The number of Indianapolis high schoolers going directly to college after graduation fell to about 47% in 2021, according to newly released data from the Indiana Commission for Higher Education. Enrollment began sliding more than a decade ago. And the number of graduates going directly to college is now nearly 20 percentage points below the rate in 2012.
Jason Kloth, CEO of Ascend Indiana, said that although he believes more people are questioning the value of higher education, those who graduate from college still earn higher wages on average than those who don’t.
“Everybody has that story about that person that went and got a college degree in Russian history and lives in their parents basement,” Kloth said. “But that's not the statistical reality.”
Kloth also pointed to the high cost of college as one reason why more young people are deciding not to enroll. Some families feel like they can’t afford tuition in a moment when other living costs are on the rise.
Statewide, the college-going rate stabilized after years of declines. About 53 percent of high schoolers who graduated in 2021 went straight to college.
Indiana lawmakers are working to make college more affordable. Those efforts include a new law that auto-enrolls eligible students in the 21st Century Scholars program, which provides low-income students with free tuition at state colleges and universities. But it could take years for those changes to take hold and lead to increased college enrollment.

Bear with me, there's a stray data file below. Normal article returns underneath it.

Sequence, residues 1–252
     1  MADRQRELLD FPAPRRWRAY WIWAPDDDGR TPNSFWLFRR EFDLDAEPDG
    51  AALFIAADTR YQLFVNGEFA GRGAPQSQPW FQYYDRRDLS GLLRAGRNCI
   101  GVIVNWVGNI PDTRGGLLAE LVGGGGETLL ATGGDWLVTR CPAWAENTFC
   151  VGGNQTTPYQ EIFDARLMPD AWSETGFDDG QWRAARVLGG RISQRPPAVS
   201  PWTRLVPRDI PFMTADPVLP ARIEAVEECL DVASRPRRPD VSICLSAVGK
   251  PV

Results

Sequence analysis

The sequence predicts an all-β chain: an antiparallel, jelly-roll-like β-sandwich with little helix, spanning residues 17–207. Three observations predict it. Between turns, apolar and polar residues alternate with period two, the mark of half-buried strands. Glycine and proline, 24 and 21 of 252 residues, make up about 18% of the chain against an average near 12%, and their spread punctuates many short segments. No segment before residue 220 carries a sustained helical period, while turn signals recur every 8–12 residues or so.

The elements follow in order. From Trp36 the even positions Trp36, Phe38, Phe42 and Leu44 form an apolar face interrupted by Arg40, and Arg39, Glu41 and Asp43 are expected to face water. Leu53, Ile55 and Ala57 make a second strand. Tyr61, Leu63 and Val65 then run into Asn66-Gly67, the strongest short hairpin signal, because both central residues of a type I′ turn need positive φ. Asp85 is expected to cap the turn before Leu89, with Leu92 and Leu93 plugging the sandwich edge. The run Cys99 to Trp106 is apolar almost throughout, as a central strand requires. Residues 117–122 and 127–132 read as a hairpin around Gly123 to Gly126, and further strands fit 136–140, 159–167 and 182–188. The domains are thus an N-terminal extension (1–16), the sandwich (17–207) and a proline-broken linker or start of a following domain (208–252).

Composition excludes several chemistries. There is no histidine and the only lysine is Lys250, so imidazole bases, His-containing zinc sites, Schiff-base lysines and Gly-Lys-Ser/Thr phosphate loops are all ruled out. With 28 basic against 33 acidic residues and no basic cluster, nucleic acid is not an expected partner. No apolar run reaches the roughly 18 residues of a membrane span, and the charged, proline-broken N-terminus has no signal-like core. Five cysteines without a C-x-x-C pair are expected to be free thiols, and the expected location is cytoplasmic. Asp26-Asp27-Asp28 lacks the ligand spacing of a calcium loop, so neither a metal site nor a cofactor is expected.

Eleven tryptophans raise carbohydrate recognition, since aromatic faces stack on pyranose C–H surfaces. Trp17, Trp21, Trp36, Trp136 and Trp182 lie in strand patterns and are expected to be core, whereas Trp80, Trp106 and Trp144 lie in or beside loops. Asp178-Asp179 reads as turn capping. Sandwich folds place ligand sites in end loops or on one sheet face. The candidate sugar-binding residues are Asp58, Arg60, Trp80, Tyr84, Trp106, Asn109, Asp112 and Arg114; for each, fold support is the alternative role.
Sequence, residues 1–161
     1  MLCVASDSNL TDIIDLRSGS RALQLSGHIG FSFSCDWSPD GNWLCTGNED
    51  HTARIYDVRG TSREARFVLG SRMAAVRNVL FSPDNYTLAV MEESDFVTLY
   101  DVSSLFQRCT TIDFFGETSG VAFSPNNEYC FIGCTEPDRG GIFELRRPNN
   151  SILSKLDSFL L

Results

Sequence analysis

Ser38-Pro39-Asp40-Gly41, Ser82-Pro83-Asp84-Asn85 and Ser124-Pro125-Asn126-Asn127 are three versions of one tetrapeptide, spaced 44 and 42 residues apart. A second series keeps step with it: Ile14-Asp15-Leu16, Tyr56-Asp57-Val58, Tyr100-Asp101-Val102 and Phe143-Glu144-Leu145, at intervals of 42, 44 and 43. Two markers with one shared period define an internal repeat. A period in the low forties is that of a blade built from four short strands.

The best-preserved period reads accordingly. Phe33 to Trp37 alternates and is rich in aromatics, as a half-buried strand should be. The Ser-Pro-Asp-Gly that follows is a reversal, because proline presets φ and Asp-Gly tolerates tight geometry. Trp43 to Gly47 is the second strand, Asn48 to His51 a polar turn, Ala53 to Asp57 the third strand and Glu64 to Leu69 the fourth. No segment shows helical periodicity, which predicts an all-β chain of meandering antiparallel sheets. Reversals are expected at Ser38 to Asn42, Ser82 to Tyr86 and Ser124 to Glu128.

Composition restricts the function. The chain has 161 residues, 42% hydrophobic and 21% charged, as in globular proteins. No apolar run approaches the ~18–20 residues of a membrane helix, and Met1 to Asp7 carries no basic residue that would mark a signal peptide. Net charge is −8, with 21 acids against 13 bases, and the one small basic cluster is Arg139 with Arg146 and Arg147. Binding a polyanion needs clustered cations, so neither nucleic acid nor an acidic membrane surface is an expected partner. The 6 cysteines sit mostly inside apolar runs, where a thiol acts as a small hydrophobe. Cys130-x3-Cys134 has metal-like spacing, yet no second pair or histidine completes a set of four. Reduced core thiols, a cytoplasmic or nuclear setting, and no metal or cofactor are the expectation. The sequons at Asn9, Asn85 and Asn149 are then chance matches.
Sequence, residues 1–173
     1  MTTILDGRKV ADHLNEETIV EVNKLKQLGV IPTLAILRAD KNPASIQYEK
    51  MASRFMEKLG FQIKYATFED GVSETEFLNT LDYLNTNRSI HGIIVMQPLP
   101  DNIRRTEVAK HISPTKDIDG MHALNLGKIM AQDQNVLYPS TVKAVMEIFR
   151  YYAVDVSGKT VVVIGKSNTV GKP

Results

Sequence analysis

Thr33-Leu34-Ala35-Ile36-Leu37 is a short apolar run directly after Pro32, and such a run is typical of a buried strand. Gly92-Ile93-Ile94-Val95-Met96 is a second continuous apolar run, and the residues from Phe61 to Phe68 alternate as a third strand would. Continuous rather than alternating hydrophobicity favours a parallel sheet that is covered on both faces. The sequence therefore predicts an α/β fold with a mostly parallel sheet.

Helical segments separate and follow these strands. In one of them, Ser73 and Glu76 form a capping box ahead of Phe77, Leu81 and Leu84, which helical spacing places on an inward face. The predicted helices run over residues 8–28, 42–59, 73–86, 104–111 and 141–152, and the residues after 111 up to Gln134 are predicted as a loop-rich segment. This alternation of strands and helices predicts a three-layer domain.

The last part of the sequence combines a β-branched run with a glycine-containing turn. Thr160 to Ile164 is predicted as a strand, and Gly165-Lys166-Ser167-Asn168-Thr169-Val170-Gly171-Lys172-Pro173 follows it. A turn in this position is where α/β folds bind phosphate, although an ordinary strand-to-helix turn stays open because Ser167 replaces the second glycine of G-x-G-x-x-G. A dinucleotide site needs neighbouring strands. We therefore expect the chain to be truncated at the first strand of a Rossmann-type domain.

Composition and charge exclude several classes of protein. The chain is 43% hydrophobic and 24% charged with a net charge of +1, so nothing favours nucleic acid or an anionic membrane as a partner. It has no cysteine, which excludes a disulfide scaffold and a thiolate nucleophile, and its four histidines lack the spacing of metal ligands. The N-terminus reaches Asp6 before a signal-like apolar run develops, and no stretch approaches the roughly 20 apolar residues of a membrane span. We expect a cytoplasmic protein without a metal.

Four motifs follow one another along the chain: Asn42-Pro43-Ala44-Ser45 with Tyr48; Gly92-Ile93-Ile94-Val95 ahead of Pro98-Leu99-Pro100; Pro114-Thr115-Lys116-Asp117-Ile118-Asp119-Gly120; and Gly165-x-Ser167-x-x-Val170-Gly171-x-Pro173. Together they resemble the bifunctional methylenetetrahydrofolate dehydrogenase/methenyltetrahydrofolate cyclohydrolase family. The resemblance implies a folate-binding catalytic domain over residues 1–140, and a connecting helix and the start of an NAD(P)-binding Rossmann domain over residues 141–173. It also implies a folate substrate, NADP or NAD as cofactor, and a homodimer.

Doneisha Posey is vice president of Black Onyx Management, an Indianapolis consulting company. She previously worked in higher education diversity, equity and inclusion. Posey said that one reason enrollment is falling is because students are still recovering from the pandemic.
Black students were hit particularly hard by the pandemic, Posey said. Young people who missed out on instruction may not feel academically prepared for higher education.
“As we think about the inequities that were already existing within our school systems, something that we have really been thinking about is the amount of learning that was missed for our students,” Posey said.